It is being called the Great Resignation. Quits are at their highest rate in 20 years and no one seems to understand why. One thing is for sure: the labour market has gone weird. People are leaving their jobs without having a new one lined up, pushing up unemployment rates even as wages rise and companies complain they cannot find enough workers. That has led to lots of speculation that the pandemic has changed people's priorities — and hence the U.S. labour market — forever.
In the urgency of the moment, it is easy to overstate the significance of what is going on; every major recession leaves scars. But some things do not change, and that includes the most basic requirement for keeping employees happy and on the job: Good management.
Government policymakers can run around trying to fix the situation by mandating higher wages, more benefits, or even by expanding the power of unions. None of that will change the simple fact that bad managers are a handicap no company can afford anymore.
Since the 1980s, the trend has been for Americans to stick with the same job longer. That changed last year. It is not just that people are quitting more often, which is not such a surprise if there are lots of better jobs available. Quits and hires normally move in tandem, or with a small lag, and those job-to-job changes are definitely part of the quit mix now. But what is rattling the market is the disconnect: quits are up and hiring is down at a time when employers are desperately trying to attract workers.
A big educational divergence in this trend is also causing more problems for some industries than others. Using data from the Current Population Survey, I estimated the share of workers who quit or left the labour force in the last year and who still are not working. High school dropouts in this category rose to 2.8% from 2.1% two years ago. More educated workers have not become more likely to quit.
That tracks with the fact that the retail and food-service sector has been hardest hit. These jobs have always had high turnover, but we have seen a large uptick in quits in the last few months.
This has left us trying to figure out why. The most likely reason is that the labour shortage has increased wages, especially at the lower-paid jobs. Changing jobs often is the only way to access that better pay, and there are many options in this labour market. But higher pay does not explain the number of people who have quit their jobs without taking another. This may be because of childcare issues. More women than men quit or left the labour force. Even with school back in session, there is still uncertainty from a constant risk of quarantine.
Another possibility is that, between the pandemic stimulus payments and enhanced unemployment benefits, Americans have more money than before and may feel less need to work. Quits, though, are concentrated among a population that tends to have very little spare savings. In any case, as the months go by since the benefits ended, this will become less of a factor.
A narrative has also emerged that these jobs are awful and workers just cannot take it anymore. That is surely true for some people, but it could also be journalists and pundits projecting their feelings about those jobs onto the people holding them. Not all jobs that do not require a college degree are terrible. There is a correlation between pay (and education) and job satisfaction, but it is not as strong as you might expect. People in media report similar levels of job meaning and satisfaction as some service and blue-collar jobs.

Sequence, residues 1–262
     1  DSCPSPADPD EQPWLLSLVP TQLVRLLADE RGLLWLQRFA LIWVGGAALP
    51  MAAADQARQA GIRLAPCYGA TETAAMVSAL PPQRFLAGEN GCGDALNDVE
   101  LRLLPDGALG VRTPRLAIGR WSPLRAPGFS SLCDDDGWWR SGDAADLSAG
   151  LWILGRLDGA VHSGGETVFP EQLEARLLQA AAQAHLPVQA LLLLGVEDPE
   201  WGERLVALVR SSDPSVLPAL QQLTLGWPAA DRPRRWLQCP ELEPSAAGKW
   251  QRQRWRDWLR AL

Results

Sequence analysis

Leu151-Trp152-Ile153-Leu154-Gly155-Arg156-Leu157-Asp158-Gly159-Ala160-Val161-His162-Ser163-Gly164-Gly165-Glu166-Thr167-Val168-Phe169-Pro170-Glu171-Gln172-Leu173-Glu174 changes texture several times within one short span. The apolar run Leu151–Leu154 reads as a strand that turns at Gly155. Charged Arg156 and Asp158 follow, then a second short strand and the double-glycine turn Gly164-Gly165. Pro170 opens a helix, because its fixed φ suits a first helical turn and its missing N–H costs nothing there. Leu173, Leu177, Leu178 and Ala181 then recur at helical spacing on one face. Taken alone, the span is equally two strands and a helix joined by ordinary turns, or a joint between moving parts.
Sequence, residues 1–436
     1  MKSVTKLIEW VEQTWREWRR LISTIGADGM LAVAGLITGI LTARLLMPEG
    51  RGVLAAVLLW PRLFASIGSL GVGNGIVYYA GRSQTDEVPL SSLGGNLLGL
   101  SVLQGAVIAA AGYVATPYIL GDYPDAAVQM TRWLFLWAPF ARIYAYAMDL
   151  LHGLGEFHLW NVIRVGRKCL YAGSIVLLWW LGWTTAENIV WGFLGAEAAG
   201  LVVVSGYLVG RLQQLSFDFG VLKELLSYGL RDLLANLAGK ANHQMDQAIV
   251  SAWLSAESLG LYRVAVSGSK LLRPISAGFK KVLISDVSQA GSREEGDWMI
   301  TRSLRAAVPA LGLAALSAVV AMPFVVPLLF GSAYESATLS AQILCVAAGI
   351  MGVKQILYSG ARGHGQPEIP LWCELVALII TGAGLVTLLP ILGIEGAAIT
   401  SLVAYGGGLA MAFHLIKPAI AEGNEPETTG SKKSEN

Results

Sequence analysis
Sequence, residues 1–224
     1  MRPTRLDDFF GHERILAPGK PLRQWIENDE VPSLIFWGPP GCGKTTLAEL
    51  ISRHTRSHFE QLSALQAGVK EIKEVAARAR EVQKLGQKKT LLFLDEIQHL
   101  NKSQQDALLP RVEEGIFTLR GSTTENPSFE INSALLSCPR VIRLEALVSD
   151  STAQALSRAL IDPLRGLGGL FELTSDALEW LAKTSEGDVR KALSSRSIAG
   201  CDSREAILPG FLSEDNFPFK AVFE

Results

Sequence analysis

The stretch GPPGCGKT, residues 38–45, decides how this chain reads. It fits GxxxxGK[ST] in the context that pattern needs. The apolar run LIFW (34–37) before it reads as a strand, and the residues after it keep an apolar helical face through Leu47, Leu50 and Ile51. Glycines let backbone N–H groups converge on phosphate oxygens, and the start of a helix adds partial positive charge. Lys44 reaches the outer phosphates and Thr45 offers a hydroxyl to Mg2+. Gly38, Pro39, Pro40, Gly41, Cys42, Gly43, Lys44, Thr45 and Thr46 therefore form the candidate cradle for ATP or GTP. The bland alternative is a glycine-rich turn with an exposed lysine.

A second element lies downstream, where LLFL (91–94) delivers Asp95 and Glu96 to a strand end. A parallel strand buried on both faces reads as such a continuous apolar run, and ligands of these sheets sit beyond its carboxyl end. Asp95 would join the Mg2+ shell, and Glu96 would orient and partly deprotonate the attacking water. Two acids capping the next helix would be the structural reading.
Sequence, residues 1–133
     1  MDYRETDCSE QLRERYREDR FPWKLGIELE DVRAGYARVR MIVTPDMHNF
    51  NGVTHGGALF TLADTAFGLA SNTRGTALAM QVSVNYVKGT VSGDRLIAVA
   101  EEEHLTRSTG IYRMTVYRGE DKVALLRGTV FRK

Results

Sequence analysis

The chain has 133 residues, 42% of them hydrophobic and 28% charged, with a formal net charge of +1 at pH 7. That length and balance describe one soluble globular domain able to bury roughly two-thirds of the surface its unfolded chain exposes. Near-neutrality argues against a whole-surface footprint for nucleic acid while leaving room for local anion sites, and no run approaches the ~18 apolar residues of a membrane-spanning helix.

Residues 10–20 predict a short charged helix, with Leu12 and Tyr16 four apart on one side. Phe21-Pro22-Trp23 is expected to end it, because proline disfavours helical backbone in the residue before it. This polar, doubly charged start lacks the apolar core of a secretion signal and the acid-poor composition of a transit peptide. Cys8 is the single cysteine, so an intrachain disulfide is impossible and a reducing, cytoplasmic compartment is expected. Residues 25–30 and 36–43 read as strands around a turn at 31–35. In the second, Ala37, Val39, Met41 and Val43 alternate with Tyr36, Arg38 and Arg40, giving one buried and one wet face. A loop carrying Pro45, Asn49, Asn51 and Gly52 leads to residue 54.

How happy you are with your job often depends on things that are hard to measure — along with pay and benefits (which are obviously very important), there is also company culture, how much you like spending time with your coworkers, and whether there is scope for development or progression. These things matter no matter what the job is because they determine how it feels to go to work each day. One survey found that among lower-income workers, doing something enjoyable, having a stable income and doing work that feels important rank higher for job satisfaction than earning more money.
And management is critical to all of those harder-to-measure factors. A bad manager can make any employee feel like their work is pointless, that they are not valued, or have no stability. This is often what tips the decisions to stay in a job or not.
Whether to leave a job is usually a very personal, complex blend of factors, and the pandemic seems to have created a perfect storm: people got used to not working during lockdowns, they received a lot of government benefits that eased the financial necessity of a steady income, faced new challenges with child care and developed new routines. Many also had a rare opportunity to step back and reassess whether their life — or job — is going in the direction they want.
Getting out of our ruts will take time because corporate culture is hard to maintain when so many people quit or work remotely. Convincing workers to come back and keeping them from quitting will require creating a work environment that people want to be part of. Management, this is your moment.
Allison Schrager is a Bloomberg Opinion columnist. She is a senior fellow at the Manhattan Institute and author of "An Economist Walks Into a Brothel: And Other Unexpected Places to Understand Risk."
Disclaimer: This article first appeared on Bloomberg, and is published by special syndication arrangement.